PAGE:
The Girls Friendly Society ( GFS )
The GFS is still in operation, now on a world wide basis, the nearest Branch to Glasbury being at Brecon Cathedral


The Girls Friendly Society was started in 1875 by Mary Elizabeth Townsend. She was an Irish clergyman's daughter and had concerns about young girls who were working away from home and possibly in a vulnerable situation. The girls would be the Society "Members" and were to be guided by the Society "Associates" ( life experienced ladies ), who would provide a friendly and social environment for the members benefit.
The society had a strong religious ethos and grew quickly, having some 40,000 Members by 1880 and over 13,500 Associates. In that year also Queen Victoria became the society's Patron. It is worth noting that the girls recruited at this time would be aged 12 upwards and that by 1882 girls of 8 year old could become Candidates (aspirant Members).
By 1900 domestic service comprised the largest group among the Members, others being teachers, nurses, clerks, workers in refreshment bars, mills, factories, warehouses and also students.
One of the society's biggest benefits was the introduction of their Lodges, which provided decent, clean and cheap accommodation for the young women workers and no doubt a strong social function, offering personal friendships, group activities and useful contacts as regards the work itself.
Numerous publications were introduced on an informative basis, the first being "The Girls' Friendly Society Reporter in 1875", followed by "Friendly Leaves". Pamphlets and books were also produced explaining the overarching ethos of the GFS movement.
After the First World War many jobs were lost and numbers were in decline. The Society bought Argyll House to provide for homeless girls and women fleeing from domestic violence. It also expanded its remit to provide training courses in Correspondence and English and helped with members visits abroad. Camps were introduced and a Central Council for Recreative Physical Training was established.
Today the GFS is still ongoing under the aegis of the GFS Platform and has 33 branches in the UK but now needs only one housing complex in Gt Yarmouth - a supported-shared house for young mothers. The Society still promotes sound Christian values along with friendship, social skills and understanding amongst young women of all ethnicities.

The Glasbury Girls Friendly Society

The Glasbury Branch of the GFS was created at some time between 1875 (the inception of the GFS) and 1880 (see reference below left from the Brecon County Times concerning the retirement of Mrs Crichton)
The Branch emanated from Brecon Cathedral and despite it's name (Glasbury) covered an unusually large area, comprising the following Parishes at the 1914 Annual Festival at Gwernyfed : - Boughrood, Bryngwyn, Clyro, Crickadarn, Glasbury (All Saints and St Peters), Hay, Llanigon, Llanstephan, Llowes, Llyswen, Newchurch and Talgarth -some 13 in all - see article on right.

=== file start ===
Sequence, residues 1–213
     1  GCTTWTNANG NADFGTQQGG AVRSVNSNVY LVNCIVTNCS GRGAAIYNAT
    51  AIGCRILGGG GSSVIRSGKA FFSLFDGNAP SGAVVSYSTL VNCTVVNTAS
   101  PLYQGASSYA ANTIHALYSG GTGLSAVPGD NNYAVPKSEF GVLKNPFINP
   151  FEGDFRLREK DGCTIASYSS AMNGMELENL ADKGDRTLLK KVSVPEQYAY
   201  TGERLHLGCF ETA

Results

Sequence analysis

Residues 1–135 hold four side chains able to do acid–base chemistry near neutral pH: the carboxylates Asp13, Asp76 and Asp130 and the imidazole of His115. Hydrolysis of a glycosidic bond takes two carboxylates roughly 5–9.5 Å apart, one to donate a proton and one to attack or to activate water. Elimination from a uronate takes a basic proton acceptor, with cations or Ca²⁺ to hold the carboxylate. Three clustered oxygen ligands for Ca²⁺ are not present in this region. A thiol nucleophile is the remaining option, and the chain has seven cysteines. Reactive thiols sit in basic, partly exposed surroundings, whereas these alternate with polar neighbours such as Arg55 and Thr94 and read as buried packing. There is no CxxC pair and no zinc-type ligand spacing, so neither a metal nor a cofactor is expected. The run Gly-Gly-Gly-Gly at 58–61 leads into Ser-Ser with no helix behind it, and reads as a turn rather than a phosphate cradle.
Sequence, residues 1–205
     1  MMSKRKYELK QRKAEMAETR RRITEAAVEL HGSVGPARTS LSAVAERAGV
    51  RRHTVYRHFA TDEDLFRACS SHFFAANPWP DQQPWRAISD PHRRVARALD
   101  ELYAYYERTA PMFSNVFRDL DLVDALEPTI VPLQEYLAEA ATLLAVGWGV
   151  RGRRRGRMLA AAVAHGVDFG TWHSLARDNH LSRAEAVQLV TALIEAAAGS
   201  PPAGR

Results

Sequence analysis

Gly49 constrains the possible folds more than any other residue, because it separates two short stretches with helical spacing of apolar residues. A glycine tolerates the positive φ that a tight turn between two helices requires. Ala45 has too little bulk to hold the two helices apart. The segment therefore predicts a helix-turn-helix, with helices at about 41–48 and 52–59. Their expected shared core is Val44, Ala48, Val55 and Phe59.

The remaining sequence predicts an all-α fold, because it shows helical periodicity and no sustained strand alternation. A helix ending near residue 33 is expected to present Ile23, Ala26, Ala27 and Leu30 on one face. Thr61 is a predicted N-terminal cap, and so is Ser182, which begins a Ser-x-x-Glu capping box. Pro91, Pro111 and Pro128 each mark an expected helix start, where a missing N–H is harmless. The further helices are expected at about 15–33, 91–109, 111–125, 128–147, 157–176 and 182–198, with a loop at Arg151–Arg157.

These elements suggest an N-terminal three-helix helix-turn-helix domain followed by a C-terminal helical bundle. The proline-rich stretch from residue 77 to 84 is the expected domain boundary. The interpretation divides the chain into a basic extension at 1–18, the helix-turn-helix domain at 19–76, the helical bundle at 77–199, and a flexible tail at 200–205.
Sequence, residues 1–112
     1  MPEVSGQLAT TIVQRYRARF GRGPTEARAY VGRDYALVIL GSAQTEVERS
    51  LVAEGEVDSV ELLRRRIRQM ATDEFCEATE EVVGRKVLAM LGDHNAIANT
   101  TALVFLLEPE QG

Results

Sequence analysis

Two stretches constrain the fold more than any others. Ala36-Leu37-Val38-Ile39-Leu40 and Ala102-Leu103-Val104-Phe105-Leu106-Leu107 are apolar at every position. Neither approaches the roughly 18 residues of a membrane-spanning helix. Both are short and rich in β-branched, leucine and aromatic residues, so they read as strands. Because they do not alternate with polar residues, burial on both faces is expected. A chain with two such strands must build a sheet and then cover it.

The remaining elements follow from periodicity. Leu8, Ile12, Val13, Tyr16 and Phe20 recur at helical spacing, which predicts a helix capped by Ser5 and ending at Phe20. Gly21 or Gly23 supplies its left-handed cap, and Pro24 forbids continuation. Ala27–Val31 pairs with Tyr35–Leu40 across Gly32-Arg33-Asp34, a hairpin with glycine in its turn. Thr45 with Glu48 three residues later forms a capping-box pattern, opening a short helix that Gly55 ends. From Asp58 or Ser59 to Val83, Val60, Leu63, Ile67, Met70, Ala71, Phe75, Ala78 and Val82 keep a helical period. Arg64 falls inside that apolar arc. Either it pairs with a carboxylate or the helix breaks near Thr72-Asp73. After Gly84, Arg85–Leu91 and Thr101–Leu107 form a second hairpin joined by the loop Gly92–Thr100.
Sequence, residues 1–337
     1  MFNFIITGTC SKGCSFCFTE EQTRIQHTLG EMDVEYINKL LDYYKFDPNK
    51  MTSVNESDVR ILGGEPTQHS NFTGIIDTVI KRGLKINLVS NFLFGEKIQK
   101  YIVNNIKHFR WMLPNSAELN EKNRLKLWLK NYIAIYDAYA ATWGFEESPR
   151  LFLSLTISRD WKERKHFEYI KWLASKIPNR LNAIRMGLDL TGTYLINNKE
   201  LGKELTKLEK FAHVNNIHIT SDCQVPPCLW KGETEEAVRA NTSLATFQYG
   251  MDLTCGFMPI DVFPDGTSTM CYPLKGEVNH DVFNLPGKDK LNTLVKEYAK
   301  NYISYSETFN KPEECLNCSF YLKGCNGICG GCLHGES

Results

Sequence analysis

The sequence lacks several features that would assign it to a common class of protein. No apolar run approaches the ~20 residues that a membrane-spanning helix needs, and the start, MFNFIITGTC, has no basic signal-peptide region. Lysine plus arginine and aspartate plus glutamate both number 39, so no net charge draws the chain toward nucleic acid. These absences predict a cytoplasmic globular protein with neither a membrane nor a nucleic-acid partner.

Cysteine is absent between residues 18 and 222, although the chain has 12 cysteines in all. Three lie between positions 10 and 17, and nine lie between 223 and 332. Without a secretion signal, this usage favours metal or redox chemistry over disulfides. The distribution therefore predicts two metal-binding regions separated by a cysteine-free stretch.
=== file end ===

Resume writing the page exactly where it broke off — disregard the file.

In the previous 1913 Festival there is mention of 16 Parishes, although none of these are named - see article below right This leaves us with the anomaly of three parishes unaccounted for and is possibly a misprint in the 1913 report ? or a fact that only 13 parishes turned out for the 1914 Annual Festival. ? The latter seems the more unlikely.
These Annual Festivals were held on a grand scale, beginning with a church service, usually followed by a procession with a Band to a place suitable for outdoor games, competitions, performances , speeches and recitals. In the Glasbury area they were held in the Maesllwch Castle grounds, courtesy of the de Winton family, at Gwernyfed Park, courtesy of the Kidston family and sometimes at Tyruched, courtesy of the Havard family. Meetings at a more general level were instigated by the individual parish and on occasion these would be combined with an adjacent parish or the Mothers Union.(See below right)
From the press cuttings it appears the Glasbury All Saints and Glasbury St Peters functioned as independent sections of the Glasbury village. They sometimes came together at a local level and sometimes when combining with parishes outside the village.
Annual certificates (cards) and long service ones were issued by the Branch Secretary - example above right , and also a "Saving Bonus" prize; as yet unidentified as to its nature.


The Head Associate for the district was Mrs Butler of Aberllynfi, a formidable women of great drive, influence and initiative. She also had a strong and lasting community spirit.
Other associates for the Glasbury (All Saints and St Peters) area mentioned in the 1913 article were as follows : - Mrs Christy, Mrs Crichton, Mrs W Crichton, Mrs Evan Powell, Mrs Garnons Williams, Mrs Gethin Griffiths, Mrs Griffiths, Mrs James, Mrs Mortimer Baylis, Mrs Thomas and Mrs Probert.
In 1919 Mrs Day is mentioned as the new associate for Glasbury All Saints. (Brecon County Times 14.08.1919.)

Mrs Crichton's retirement as Secretary in 2013
The new Brach Secretary was to be Mrs Probert.
from The Brecon County Times 04.02.1915

Concert Party at Mrs Powell's, Park View
from The Brecon County Times 03.05.1913

Glasbury GFS Festival on 15.07.1913
from the Brecon County Times 17.07.1913
B Bowker

Sources : --

Mr Paul Greenow
Brecon County Times
Brecon and Radnor Express
The GFS Platform official site
Welsh Newspapers Online


A Glasbury Branch Certificate for Edith Lewis in 1922
Courtesy Paul Greenow

Glasbury GFS Festival on 14.07.1914
from the Brecon and Radnor Express 27.07,1914

A General Meeting of the Glasbury GFS
from The Brecon County Times 02.11.1916

Tea at Mrs Butler's, Aberllynfi - for St Peters GFS
from The Brecon County Times 04.11.1915

Combined Tea for GFS (All Saints and St Peters)
from Brecon County Times 30.03.1916

Junior Candidates make bags for wounded soldiers
from the Brecon and Radnor Express